SCHOOL bus services and concessionary travel schemes are at risk of cuts as Fife Council’s transport department looks to balance next year’s books.
The warning came from leading councillor Tony Martin ahead of February’s budget amid continuing pressure on public sector finances.
With the council expecting to have to make savings of £90 million by 2015, Councillor Martin — who chairs the environment, enterprise and transportation committee — said: “The challenge for us now is to make sure we continue to deliver quality services to Fifers within today’s financial constraints.
“Doing nothing is not an option — we have to change and reform.”
The council says it could save £1 million by providing free transport to pupils who live more than three miles from their high school — the statutory requirement — rather than the current two miles.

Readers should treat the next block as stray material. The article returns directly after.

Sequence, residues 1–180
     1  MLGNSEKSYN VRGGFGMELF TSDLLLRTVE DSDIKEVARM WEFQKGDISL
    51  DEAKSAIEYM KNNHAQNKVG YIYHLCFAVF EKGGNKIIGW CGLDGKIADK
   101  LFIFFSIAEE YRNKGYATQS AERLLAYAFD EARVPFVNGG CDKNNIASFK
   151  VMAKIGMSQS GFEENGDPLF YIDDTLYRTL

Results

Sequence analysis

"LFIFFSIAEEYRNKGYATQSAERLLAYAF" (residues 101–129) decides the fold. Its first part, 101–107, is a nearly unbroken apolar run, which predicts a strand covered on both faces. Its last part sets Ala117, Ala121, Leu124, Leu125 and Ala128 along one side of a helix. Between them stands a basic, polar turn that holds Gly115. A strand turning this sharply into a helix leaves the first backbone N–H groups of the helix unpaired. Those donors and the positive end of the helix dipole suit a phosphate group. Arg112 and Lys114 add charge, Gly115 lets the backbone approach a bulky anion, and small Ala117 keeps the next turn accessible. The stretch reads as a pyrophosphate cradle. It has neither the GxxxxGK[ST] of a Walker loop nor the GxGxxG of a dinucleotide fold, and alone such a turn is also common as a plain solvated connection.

Savings could also be made by increasing parking charges and curtailing the subsidised bus network.
In one extreme case, the council is paying £25 per passenger to keep a bus route running.
Councillor Martin said: “In an ideal world we wouldn’t be considering any of these options, but we have to look at all of them if we are to continue to invest in our area’s transport needs.”
The local authority has been keen to point out the scale of its investment in the transport infrastructure.
That includes £45 million in Fife’s roads and bridges over 10 years and an 11-year, £40 million street lighting improvement scheme.
This year also saw the Kingdom’s salt stocks doubled to combat the winter weather.
Councillor Martin concluded: “It’s only going to be through change and innovation that we will be able to afford the huge task of keeping Fife’s bridges, sea defences, roads, street lights and all the other infrastructure in a fit state now and in the future.
“This is not going to get any easier — it’s only going to get more challenging as budgets get tighter and it’s important that people understand the kind of choices and decisions that are in front of us.”